Since the earliest days on the campaign trail, it has never been in doubt who Trump and his team have had in their sights. “Iran is the biggest destabilizing force in the Middle East and its policies are contrary to our interests,” Defence Secretary Mattis told his Senate confirmation hearing, having previously claimed the country posed a bigger security threat than either ISIS or Al Qaeda.
Mike Pence called Iran the “leading state sponsor of terrorism” whilst new National Security Advisor John Bolton has for years called for Iran to be bombed. Trump himself, in his own little remix of Pence’s phrase, has called Iran “The Number One State of Sponsored Terror”, which presumably means something derogatory.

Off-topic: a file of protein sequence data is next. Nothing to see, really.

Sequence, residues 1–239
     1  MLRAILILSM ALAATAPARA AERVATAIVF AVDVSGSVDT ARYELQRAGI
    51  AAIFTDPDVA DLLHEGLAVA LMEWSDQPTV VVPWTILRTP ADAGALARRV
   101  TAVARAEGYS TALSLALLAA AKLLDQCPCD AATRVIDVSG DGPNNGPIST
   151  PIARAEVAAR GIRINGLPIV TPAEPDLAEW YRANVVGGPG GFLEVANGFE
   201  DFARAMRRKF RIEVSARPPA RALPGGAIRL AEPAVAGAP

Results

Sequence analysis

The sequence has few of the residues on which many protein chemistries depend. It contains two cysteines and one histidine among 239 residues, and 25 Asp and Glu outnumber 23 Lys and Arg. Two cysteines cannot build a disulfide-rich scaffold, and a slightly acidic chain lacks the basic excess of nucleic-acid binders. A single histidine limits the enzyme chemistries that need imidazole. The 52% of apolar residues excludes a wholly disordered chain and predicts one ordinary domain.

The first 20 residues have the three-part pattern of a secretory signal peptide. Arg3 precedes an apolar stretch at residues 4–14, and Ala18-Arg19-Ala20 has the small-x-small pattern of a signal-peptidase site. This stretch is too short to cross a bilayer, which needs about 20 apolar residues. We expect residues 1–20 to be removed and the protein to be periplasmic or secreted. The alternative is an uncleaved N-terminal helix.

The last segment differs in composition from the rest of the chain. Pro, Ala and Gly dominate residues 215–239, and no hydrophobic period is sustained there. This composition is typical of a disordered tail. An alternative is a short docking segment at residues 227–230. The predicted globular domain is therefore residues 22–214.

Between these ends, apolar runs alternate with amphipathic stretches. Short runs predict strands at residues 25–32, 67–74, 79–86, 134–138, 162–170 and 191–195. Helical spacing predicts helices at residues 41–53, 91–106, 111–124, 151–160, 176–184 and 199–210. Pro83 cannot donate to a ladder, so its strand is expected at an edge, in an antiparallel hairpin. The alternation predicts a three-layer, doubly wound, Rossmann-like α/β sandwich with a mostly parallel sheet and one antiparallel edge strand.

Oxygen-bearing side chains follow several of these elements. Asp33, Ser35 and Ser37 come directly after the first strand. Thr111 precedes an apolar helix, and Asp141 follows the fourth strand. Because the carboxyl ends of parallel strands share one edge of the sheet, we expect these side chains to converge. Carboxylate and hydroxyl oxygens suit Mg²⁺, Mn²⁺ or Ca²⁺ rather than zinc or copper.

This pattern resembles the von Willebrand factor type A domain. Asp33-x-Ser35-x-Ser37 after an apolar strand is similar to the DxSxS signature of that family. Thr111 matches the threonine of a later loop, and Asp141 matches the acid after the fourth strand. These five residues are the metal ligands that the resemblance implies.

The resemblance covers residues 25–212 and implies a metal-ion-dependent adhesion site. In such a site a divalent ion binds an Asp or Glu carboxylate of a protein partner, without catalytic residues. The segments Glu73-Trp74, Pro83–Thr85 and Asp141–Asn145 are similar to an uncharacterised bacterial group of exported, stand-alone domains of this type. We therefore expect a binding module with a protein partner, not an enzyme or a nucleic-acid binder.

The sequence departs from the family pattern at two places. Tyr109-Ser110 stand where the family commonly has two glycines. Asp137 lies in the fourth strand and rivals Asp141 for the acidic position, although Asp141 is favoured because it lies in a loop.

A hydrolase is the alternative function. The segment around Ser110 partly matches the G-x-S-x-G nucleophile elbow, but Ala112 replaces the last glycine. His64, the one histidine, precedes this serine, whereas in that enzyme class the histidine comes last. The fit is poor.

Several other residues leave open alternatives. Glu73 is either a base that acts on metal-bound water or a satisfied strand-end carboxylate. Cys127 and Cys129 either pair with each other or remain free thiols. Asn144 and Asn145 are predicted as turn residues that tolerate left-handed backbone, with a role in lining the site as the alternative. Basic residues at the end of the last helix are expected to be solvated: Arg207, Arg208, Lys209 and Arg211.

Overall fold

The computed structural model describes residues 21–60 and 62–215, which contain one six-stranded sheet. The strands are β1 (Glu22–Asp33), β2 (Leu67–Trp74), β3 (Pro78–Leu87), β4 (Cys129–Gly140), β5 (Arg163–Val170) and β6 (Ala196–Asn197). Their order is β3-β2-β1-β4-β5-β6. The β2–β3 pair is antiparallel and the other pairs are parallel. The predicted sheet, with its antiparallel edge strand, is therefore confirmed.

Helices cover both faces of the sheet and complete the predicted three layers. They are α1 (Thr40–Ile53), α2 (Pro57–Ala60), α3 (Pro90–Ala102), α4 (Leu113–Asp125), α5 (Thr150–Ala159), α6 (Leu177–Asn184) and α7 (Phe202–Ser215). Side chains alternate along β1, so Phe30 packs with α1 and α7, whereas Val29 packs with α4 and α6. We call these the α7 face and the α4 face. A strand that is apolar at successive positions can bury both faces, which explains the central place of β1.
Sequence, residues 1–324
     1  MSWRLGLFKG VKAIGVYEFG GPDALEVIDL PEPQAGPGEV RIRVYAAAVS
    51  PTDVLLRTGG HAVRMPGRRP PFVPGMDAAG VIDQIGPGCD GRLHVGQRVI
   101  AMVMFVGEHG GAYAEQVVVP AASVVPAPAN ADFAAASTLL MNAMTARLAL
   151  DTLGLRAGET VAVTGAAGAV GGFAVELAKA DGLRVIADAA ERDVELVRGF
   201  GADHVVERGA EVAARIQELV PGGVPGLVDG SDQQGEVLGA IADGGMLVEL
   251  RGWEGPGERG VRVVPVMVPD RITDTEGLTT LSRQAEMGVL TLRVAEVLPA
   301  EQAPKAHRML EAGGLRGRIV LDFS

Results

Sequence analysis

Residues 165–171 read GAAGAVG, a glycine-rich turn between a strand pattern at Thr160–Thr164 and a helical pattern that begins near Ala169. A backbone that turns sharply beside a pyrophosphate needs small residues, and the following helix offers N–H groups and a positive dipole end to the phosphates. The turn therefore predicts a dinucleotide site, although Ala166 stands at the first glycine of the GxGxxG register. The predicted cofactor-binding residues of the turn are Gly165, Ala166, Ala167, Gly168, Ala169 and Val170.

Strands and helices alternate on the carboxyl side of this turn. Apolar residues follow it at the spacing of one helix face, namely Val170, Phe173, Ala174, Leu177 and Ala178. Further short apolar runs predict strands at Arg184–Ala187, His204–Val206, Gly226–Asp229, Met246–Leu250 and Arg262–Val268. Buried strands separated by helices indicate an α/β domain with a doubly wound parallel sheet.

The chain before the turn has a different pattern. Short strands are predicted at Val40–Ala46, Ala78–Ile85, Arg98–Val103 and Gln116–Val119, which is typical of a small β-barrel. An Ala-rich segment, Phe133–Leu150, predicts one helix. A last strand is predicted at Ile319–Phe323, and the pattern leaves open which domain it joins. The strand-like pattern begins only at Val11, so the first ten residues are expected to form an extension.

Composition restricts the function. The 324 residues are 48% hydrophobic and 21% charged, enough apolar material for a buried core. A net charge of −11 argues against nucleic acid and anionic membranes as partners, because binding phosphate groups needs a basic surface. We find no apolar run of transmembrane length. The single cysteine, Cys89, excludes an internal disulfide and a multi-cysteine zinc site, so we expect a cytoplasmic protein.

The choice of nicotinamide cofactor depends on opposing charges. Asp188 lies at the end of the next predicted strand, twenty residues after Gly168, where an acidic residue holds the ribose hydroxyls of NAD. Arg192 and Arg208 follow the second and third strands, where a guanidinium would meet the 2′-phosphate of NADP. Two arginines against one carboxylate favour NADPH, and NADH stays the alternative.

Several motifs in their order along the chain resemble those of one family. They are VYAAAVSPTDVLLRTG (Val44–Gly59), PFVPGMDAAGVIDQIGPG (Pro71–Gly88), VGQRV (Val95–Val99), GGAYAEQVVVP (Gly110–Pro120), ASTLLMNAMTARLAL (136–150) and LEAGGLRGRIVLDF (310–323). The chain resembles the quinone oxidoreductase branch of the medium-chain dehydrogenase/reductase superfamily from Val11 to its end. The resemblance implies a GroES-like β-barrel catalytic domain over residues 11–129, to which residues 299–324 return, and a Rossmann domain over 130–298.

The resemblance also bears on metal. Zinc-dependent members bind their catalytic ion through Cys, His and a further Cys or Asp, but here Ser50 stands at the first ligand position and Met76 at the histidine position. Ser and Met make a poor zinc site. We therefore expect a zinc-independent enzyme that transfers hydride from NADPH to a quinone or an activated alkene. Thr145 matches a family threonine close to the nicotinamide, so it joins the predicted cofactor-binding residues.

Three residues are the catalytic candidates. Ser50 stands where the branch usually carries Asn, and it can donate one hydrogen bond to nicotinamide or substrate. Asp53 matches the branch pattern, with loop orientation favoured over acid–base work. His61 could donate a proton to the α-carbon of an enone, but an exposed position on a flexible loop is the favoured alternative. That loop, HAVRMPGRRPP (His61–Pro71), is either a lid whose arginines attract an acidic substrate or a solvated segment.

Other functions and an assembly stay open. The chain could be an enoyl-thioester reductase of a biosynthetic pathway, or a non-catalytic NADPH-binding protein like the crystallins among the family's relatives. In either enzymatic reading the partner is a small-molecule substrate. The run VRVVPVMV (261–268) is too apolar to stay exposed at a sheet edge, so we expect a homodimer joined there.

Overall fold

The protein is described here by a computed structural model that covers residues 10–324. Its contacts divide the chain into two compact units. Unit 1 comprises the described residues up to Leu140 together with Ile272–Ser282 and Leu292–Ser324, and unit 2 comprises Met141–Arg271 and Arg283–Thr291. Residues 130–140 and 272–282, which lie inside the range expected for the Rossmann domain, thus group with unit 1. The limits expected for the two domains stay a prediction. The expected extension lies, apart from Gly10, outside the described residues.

China, of course, was famously accused of “raping our country” by Trump in 2016, whilst White House aide Peter Navarro claimed the country was waging “economic aggression” against the US. Former National Security Advisor Steve Bannon announced this week that “we are at war with China”.
Iran and China, then, have been favoured rhetorical targets since day one – but this year that rhetoric has morphed into all-out economic warfare. This month alone, Trump has unleashed tariffs on $60 billion of Chinese goods, threatened to do so on $500 billion more, and announced his intention to cut Iranian oil exports to zero by November. These weapons of financial destruction are openly aimed at crippling and…